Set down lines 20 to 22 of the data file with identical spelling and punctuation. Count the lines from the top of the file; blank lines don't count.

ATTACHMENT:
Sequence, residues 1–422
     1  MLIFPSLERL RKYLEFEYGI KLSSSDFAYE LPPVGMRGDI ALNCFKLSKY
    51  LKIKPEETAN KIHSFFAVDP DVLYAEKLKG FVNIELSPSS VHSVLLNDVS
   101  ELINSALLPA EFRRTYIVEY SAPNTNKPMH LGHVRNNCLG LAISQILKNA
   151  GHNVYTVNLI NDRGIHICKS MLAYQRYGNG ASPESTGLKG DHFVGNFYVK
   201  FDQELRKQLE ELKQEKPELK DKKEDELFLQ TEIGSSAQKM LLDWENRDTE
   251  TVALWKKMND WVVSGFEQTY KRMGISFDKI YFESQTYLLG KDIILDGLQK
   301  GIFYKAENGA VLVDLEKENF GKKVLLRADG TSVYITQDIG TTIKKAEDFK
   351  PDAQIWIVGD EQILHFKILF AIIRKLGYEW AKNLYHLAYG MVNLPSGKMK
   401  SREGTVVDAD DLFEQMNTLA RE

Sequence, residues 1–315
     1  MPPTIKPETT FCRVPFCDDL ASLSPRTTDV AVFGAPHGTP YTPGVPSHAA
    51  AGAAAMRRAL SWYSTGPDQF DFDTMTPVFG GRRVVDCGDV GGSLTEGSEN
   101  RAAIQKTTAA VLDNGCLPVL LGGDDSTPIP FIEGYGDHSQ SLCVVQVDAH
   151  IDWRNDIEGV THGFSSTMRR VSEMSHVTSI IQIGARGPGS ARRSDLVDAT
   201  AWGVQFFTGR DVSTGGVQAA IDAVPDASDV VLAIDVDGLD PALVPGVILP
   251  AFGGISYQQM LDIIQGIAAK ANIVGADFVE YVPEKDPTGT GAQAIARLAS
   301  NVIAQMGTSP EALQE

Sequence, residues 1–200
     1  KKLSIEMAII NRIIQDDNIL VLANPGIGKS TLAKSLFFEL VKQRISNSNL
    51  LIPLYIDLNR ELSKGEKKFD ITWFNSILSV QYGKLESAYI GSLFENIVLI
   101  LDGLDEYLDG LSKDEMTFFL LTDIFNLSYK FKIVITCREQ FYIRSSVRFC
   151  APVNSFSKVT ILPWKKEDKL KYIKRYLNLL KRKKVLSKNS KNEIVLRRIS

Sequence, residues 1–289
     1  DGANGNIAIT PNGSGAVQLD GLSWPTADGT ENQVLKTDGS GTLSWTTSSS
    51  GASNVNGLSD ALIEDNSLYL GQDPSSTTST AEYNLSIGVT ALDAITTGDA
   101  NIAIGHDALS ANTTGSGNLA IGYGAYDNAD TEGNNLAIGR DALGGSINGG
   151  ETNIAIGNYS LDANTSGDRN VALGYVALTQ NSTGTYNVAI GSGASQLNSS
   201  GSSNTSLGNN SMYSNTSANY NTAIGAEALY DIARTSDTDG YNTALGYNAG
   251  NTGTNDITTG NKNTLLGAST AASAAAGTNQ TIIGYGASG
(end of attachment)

     1  KKLSIEMAII NRIIQDDNIL VLANPGIGKS TLAKSLFFEL VKQRISNSNL
    51  LIPLYIDLNR ELSKGEKKFD ITWFNSILSV QYGKLESAYI GSLFENIVLI
   101  LDGLDEYLDG LSKDEMTFFL LTDIFNLSYK FKIVITCREQ FYIRSSVRFC